Lord Byron is usually given credit for the popularity of sea-swimming for his swim across Turkey’s Dardanelles Strait from Europe to Asia. He was inspired by the legend of Leander who drowned while trying to swim to a guiding light held by his lover Hero on the far shore. Lord Byron was by no means the first. Plato believed that swimming was as important as reading and that cold water was better for health. There is some truth to that, cholera, red tide and jellyfish are among the hazards associated with warmer water. But there may be other health benefits Wim Hof and others are only beginning to understand.
Vim “The Iceman” Hof shares his knowledge and experience in breathing techniques, cold therapy and commitment. It’s hard to argue with someone from the Netherlands who held the Guinness World Record for swimming beneath ice, full-body contact with ice and a barefoot half marathon on snow and ice. He promotes health benefits of cold which contradict everything our grandparents told us about cold such as “You’ll catch your death!” The true story behind the 2017 film “12th Man” is a reminder that, as Vim Hof puts it, “You are stronger than you think you are.” This becomes clear after the first time you push through the wall of cold and come out the other side. It’s always a good idea to ask your doctor about any new physical activity but when I asked mine he said, “Sea swimming? I never see those people!”
There are many theories about these benefits, increased immunity and “brown (good) fat”, improvement in mood, and reduction of anxiety. All of this is difficult to measure in a double-blind study because it’s so obvious that cold water is cold. Water conducts heat away much faster than air. Most people experience cold water shock which causes their breathing and heart rate to spike. Over time, this becomes less of a shock- or at least a more familiar shock. The cold-water anti-anxiety theory says that the cold-water shock response makes our heart and breath rate rise, we gasp on the edge of panic just as we would with anxiety or a panic attack. By overcoming this reflex, we learn to overcome its other causes. The improved mood may have come from the exercise, being outdoors among a group of people who share this unusual pastime.
A group of swimmers in Gaza meet through the winter in the Mediterranean. Cold is relative. Mid-winter sea temperatures in that part of the Mediterranean rarely fall as low as the highest summer temperatures recorded here in the Irish Sea.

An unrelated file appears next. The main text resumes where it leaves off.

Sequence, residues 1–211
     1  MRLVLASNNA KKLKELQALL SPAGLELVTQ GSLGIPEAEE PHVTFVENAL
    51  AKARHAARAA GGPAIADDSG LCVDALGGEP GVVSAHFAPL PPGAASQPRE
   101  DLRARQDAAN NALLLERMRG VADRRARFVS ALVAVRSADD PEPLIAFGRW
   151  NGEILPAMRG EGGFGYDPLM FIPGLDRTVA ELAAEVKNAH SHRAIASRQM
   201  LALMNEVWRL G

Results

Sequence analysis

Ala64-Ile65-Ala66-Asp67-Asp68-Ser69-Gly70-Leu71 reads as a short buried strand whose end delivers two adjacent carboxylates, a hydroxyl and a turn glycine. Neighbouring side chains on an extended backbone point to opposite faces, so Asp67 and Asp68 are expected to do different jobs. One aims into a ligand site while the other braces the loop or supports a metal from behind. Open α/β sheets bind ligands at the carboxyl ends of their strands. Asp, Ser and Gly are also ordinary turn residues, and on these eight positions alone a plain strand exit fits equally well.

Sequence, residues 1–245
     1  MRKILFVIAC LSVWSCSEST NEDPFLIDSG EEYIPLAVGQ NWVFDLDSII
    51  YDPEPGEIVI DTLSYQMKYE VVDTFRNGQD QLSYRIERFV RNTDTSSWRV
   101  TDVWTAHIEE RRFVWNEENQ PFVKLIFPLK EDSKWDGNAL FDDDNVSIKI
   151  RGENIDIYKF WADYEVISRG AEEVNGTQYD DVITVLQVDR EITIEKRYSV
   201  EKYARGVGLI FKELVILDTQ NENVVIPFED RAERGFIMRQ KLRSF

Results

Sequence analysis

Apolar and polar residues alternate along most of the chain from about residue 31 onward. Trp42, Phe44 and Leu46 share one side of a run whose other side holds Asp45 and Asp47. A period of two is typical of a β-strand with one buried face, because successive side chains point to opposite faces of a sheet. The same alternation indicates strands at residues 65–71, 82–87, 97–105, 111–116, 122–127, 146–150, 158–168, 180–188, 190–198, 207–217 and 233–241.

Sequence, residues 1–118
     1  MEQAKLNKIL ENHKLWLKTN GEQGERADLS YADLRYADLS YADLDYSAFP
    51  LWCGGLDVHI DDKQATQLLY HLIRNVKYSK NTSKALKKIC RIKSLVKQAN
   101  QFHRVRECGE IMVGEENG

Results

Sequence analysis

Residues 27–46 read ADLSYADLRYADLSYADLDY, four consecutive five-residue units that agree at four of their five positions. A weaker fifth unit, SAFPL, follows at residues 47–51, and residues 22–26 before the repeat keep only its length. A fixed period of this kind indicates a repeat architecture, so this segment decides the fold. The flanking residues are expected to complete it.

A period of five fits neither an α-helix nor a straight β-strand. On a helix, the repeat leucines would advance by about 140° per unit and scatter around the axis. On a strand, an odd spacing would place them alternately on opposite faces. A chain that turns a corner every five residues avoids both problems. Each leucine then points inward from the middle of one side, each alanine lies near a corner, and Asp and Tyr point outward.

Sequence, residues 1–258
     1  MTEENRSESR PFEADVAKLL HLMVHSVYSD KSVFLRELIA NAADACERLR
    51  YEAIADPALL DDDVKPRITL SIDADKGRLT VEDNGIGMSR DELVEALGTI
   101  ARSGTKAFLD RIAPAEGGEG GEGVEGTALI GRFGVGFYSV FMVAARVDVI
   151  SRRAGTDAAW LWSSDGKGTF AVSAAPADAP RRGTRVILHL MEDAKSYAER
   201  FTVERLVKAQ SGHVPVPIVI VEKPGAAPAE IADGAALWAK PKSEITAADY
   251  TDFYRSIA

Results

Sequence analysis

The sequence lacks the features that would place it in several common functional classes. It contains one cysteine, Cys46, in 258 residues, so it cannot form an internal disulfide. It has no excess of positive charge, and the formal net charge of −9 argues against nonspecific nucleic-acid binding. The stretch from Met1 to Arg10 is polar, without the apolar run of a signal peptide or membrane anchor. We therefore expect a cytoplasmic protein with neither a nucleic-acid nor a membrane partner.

This time the high tide came near noon. There was a crust of ice on brackish tide pools but the Irish Sea was relatively warm. My swim watch showed 8°C but the skin of my wrist is usually a degree or two above water temperature. Once when I told an old-timer that it was 10°C he responded with disgust and disbelief. He used to come down here for a dip in the sea every day but a medical condition limited him to warmer months. 10°C seemed like sauna temperatures to him. “Swimmin Wimmin” later posted that the group training to swim from Dover to Calais reported the temperature at 7°C and as I write this, another cold snap brought sea temperatures back down to 5°C or lower. I waded past the stones thrown up by the most recent northeastern storm and splashed in, trying to balance the shock of throwing myself into deep water against the slow torture of introducing inch by inch of myself to the sea as I waded into water that grew deeper much too gradually. This is where even one meter waves can help. Trying to sneak into the sea? Surprise! Now you’re up to your neck.
The shoreline bluff cast long shadows in the December light. I swam out into the sunlight and around the buoy which marked a safe passage between the rocks to our narrow spit of sand. I swam back to shore and paused for a moment before going ashore to dry off. It was only when I was putting my hat and shoes back on that I remembered Wim Hof’s advice. Breathe in deeply but do not force my exhaled breath. Surely by Wim Hof’s standards I was doing it wrong, but that’s ok. I sipped some hot lemon ginger tea and jogged home to warm my feet and hands. I appreciated the hot coffee and warm shower more than ever before.